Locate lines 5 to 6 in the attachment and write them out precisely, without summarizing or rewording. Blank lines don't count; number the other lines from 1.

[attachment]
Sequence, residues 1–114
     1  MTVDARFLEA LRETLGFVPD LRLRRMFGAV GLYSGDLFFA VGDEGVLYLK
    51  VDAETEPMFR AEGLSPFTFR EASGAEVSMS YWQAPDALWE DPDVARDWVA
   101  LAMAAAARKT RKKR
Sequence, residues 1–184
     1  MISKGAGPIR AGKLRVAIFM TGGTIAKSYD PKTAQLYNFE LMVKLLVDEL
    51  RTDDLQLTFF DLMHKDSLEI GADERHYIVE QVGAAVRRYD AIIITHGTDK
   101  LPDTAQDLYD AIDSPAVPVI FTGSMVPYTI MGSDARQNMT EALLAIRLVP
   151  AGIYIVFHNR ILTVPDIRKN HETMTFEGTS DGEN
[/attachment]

Sequence, residues 1–184
     1  MISKGAGPIR AGKLRVAIFM TGGTIAKSYD PKTAQLYNFE LMVKLLVDEL